Harvard encodes data in DNA
The researchers have successfully transformed a 53,000-word book into DNA. The achievement could one day make DNA a long-term data storage medium, more so than it already is, for common, everyday information.
The data is recorded on individual nucleobase pairs in the DNA strand and can store more information per cubic millimeter than flash memory. Harvard’s work is written up in the journal Science.
Harvard points out that although other projects have encoded data in the DNA of living bacteria, the team used commercial DNA microchips to create standalone DNA. Encoding the 53,000 word book, this project stored 1,000 times the largest amount of data previously stored in DNA.
The book, Regenesis: How Synthetic Biology Will Reinvent Nature and Ourselves, was written by George Church. Church, the Robert Winthrop Professor of Genetics at Harvard Medical School and a founding core faculty member of the Wyss Institute for Biomedical Engineering at Harvard University, also lead the team of researchers. Church discusses the method and why they chose his book to encode in the below video from Harvard.
The method used binary code to preserve the text, images, and formatting of the book. Harvard claims the method is able to store all of the world’s data in four grams of DNA. As Church notes in the video, should a tremendously wonderful or tremendously disastrous thing ever happen to the world, all data could be saved. (So should a nuclear disaster leave only a handful of survivors to rebuild the world, they’ll have DNA-stored data to do so. Of course that assumes that artificial intelligence does not overcome the human race and eliminate all tracks of our existence.)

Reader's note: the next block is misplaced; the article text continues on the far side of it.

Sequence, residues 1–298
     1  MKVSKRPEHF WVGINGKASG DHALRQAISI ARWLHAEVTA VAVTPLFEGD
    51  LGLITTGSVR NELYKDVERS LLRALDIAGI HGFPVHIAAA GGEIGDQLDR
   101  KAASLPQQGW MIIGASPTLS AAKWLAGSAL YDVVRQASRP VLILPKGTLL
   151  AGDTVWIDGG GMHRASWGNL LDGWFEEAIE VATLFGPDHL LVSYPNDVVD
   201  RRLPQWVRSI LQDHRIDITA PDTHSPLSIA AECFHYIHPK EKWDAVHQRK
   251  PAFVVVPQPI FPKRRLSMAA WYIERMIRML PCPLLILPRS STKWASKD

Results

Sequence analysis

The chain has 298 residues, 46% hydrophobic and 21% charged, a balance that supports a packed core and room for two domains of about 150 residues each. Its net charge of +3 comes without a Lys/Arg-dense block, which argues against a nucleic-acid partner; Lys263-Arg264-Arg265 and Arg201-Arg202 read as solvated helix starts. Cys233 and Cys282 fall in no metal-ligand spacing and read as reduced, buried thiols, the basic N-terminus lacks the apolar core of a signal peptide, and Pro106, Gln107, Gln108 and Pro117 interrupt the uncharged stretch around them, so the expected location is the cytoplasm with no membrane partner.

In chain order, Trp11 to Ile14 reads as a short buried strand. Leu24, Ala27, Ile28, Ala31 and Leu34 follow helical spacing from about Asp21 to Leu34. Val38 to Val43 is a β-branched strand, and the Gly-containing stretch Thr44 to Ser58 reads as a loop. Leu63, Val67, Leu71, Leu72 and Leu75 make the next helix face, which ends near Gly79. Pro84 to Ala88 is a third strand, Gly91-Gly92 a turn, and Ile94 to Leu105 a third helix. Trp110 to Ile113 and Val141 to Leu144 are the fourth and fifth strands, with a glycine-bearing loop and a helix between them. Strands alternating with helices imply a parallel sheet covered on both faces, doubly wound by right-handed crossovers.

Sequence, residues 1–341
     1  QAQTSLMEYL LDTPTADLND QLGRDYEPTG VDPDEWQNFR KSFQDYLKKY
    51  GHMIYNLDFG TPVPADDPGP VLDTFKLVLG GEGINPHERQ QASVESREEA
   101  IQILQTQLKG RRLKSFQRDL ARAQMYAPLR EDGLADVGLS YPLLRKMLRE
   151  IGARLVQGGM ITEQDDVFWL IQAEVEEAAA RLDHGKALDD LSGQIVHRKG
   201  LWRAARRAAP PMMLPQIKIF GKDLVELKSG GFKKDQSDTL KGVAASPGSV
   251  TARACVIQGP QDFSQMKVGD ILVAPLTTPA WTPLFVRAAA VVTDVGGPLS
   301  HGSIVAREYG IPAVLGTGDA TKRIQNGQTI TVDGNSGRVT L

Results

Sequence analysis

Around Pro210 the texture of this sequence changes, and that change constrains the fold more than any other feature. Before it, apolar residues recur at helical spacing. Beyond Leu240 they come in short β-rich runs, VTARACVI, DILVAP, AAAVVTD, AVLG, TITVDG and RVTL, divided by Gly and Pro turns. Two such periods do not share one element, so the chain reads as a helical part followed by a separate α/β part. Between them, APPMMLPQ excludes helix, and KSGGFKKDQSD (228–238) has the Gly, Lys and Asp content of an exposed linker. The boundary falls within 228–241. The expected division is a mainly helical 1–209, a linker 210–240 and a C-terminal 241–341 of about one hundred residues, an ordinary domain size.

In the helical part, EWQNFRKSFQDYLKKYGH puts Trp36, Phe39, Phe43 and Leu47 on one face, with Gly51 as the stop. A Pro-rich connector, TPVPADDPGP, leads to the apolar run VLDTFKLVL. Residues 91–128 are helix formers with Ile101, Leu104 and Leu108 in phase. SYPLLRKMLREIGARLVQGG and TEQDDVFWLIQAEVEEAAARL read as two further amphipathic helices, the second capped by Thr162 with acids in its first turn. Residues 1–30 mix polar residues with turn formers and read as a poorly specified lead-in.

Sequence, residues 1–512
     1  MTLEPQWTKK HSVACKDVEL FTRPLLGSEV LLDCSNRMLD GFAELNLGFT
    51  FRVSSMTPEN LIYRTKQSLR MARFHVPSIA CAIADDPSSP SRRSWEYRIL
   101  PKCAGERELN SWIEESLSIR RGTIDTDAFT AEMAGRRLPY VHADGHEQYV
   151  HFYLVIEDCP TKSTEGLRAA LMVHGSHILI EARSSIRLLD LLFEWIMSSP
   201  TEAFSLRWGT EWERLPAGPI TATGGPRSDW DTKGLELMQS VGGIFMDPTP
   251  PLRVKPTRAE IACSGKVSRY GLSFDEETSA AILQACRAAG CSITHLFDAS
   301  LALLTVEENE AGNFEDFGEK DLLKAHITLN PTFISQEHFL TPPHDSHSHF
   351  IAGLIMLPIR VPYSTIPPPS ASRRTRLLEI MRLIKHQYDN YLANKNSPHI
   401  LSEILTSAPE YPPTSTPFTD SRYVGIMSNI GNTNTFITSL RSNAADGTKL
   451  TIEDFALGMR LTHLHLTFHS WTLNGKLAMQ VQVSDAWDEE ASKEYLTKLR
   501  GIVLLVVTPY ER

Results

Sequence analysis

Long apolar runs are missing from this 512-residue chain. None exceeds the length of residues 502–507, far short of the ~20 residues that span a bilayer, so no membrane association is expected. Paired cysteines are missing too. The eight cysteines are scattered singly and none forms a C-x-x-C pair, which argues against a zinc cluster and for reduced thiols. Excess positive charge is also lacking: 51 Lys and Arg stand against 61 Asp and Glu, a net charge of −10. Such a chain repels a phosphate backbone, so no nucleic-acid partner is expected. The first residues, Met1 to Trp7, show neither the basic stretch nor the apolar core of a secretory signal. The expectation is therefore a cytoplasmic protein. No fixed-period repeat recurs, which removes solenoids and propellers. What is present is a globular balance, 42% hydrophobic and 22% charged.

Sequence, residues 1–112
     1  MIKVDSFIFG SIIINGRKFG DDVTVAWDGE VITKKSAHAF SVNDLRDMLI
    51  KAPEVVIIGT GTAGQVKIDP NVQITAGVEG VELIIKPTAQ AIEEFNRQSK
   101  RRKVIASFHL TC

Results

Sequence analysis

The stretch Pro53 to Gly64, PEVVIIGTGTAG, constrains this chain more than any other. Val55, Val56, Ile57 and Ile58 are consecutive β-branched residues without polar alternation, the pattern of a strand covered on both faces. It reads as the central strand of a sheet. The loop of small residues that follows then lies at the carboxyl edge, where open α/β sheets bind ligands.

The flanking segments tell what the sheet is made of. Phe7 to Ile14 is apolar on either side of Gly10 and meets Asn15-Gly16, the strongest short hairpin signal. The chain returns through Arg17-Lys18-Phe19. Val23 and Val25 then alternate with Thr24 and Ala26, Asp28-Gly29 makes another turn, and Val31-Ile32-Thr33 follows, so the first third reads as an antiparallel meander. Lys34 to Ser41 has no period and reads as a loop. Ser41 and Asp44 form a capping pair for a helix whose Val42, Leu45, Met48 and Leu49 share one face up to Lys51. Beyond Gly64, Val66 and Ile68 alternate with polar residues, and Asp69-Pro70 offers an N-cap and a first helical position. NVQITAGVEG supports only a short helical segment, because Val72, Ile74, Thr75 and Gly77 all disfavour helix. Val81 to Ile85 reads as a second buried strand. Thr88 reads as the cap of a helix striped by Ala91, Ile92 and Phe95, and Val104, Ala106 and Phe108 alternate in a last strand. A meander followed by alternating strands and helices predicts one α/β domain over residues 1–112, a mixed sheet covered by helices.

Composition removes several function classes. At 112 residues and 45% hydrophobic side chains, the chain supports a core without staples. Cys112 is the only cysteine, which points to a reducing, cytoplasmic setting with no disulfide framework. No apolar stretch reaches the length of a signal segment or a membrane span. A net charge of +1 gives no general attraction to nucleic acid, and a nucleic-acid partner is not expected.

To be true, the methods are far from being ready for commercial availability and, unlike other DNA-storage work, the Harvard work was not inserted into a living cell but kept in a laboratory container – so you won’t be able to insert your favorite Harry Potter book into your being anytime soon. However, should the research get to the point that the DNA could be securely injected into the living cells of a walking, talking human, such a feat would offer tremendous possibility as well as complications.
While I see little value in being a walking copy of Pride and Prejudice, potential applications like ingraining medical files or family contact information in DNA could be very handy in times of emergency. And housing information on personal financials could be safer in DNA than in the cloud, although carrying such data in ourselves rather than on ourselves (as in a wallet or iPhone app) could open up a whole new type of assault. (Mugger now says: “Give me your wallet and nobody gets hurt.” Could a mugger one day say: “Swab the inside of your check and nobody gets hurt”?)
What are your thoughts on DNA as a storage medium? Share your comments below.